AP Charlie Riedel Reggie Wayne Week 16 2012

Full Recap: Dominated but not Defeated, Colts 20, Chiefs 13

Indianapolis Colts wide receiver Reggie Wayne (87) catches a 7-yard touchdown pass during the second half of an NFL football game against the Kansas City Chiefs on Sunday, Dec. 23, 2012, in Kansas City, Mo. The Colts won 20-13. (AP Photo/Charlie Riedel)

op·por·tun·ism [op-er-too-niz-uh m, -tyoo-] noun

1. the policy or practice, as in politics, business, or one's personal affairs, of adapting actions, decisions, etc., to expediency or effectiveness regardless of the sacrifice of ethical principles.  (Source: Dictionary.com)

Very applicable apart from the disregard of ethics part. 


[pruh-fesh-uh-nl-iz-uh m] noun: 1. professional character, spirit, or methods.  2. the standing, practice, or methods of a professional, as distinguished from an amateur.


It Doesn't Have to be Pretty

Today, with 0:49 left in the first half, and the Colts driving toward what would end up being another Adam Vinatieri field goal, Andrew Luck broke the NFL record for passing yards by a rookie.  There was no celebration, no pats on the back or hugs from teammates, not even a subdued fist pump, just a timeout to stop the clock in a crucial scoring situation with a tenuous lead.  Luck jogged to the sideline to strategize on getting into scoring position on a day where moving the chains had been difficult.  For the Colts, and for Luck, it’s about winning and accepting nothing less.      

Just a few hours earlier, in the fourth quarter of the Falcons-Lions game, Calvin Johnson broke Jerry Rice’s single season receiving yardage record.  A wild celebration ensued.  While it was certainly a bigger accomplishment than a rookie record (and a home game), the Lions were down 31-16 late in the fourth quarter.  It was garbage time. 

It could be argued that the Lions just needed something to celebrate, and is more than a little valid.  However, there is no denying the Colts, and their impressive rookie’s professional attitude.  Just tune everything else out and win.  This attitude is why the Indianapolis Colts are in the playoffs, while other clubs with seemingly similar talent levels are fighting for, well, pride and roster spots right now. 

The first half today was a statistical blowout.  Before the touchdown drive and final, icing kneel downs, Indianapolis had been outgained 507-202 by the talented but inconsistent Chiefs.  The Colts had little to no pass protection and not much to speak of in the running game early on.  But, somehow, they would be in position to seize the day at the end.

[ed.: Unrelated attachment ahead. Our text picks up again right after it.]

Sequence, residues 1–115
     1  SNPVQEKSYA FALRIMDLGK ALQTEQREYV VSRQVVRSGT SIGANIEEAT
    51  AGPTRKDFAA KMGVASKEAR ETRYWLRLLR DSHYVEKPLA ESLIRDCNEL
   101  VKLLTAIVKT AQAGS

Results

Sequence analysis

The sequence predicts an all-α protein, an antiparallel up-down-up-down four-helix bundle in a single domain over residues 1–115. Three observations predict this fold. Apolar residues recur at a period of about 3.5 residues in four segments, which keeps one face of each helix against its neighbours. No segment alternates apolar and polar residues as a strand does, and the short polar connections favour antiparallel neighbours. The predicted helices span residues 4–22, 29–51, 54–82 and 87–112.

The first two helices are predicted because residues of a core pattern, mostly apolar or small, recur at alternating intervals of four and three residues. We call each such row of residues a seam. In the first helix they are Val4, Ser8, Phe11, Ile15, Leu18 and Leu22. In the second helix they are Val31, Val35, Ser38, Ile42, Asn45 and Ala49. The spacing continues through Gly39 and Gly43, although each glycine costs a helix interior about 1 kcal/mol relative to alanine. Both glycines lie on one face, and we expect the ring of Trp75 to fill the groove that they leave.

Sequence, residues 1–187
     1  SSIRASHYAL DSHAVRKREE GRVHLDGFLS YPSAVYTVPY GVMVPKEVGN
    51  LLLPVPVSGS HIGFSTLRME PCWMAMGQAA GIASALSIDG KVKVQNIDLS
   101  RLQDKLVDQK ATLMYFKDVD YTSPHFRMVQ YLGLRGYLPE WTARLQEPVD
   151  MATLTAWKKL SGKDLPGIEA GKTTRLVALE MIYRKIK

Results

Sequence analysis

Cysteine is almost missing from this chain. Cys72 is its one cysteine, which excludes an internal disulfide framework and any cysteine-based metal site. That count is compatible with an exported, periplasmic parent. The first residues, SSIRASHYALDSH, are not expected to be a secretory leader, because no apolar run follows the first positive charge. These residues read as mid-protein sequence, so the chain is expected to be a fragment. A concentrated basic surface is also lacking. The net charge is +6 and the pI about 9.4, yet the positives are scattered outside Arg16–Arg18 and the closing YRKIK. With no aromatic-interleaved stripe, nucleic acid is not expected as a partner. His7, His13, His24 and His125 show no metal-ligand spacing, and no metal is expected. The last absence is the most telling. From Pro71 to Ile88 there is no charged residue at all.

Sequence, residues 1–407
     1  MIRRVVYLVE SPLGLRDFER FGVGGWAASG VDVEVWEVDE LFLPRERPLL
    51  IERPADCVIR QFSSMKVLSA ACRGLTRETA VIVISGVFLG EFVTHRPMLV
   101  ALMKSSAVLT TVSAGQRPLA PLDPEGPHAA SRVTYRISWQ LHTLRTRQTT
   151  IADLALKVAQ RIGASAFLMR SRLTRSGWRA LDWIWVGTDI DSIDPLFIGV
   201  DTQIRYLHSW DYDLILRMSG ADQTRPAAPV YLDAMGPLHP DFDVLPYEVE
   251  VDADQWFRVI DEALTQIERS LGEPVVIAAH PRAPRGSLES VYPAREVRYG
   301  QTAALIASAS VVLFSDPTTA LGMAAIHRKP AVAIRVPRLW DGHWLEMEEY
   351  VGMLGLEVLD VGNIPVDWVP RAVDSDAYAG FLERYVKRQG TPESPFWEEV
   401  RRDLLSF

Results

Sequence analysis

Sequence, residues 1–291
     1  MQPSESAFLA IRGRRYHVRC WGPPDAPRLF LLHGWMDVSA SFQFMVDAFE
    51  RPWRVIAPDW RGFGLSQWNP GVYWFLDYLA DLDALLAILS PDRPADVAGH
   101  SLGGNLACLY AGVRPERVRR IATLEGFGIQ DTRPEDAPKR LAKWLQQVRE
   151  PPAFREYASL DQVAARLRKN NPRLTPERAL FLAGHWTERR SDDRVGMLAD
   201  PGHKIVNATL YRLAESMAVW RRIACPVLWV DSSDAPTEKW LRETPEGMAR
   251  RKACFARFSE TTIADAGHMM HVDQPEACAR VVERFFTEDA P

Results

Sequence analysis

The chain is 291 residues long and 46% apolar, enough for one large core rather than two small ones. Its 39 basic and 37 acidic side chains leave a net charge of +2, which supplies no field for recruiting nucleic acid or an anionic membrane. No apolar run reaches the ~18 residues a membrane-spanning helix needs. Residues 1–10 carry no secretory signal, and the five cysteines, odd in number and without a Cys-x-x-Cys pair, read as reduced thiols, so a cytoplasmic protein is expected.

As the offense sputtered, the defense gave up huge chunks of yards to the hapless Chiefs.   But, as they are wont to do, they took advantage of every opportunity that came their way.  Thanks to some timely pressure, a pick-six from Darius Butler, and a fumble deep in Colts territory, the Colts went into the half with a 13-3 lead despite being manhandled by the Chiefs. 

The second half began the same way, with the disturbing trend toward poor run defense turning into something much worse: an 86-yard touchdown run by Jamaal Charles right out of the gate, closing the gap to 13-10.  The Colts’ offense came out and sputtered to a three and out, only to see Kansas City pick up right where they left off with big play after big play. 

But, opportunism struck again.  Freeney bull rushed into Brady Quinn’s face at the 14-yard line, being held by the tackle, and Vontae Davis picked off Quinn’s pass in the end zone. 

Luck and the offense couldn’t capitalize, however, and the exhausted defense trotted back onto the field, albeit inside the 20 after another brilliant punt by Pat McAfee.  Vontae Davis came up with another interception, but a questionable pass interference gave the Chiefs a first down at the 30-yard line.  The run defense held strong, thanks in part to a punishing hit by ILB Jerrell Freeman, and then Freeney, being held again, came through for a monster third down sack.  While one could beg the question of why Kansas City didn’t just run the ball again, there is no denying the joy Colts fans felt in seeing Freeney break out the old salute after his 106th (and a half) career sack.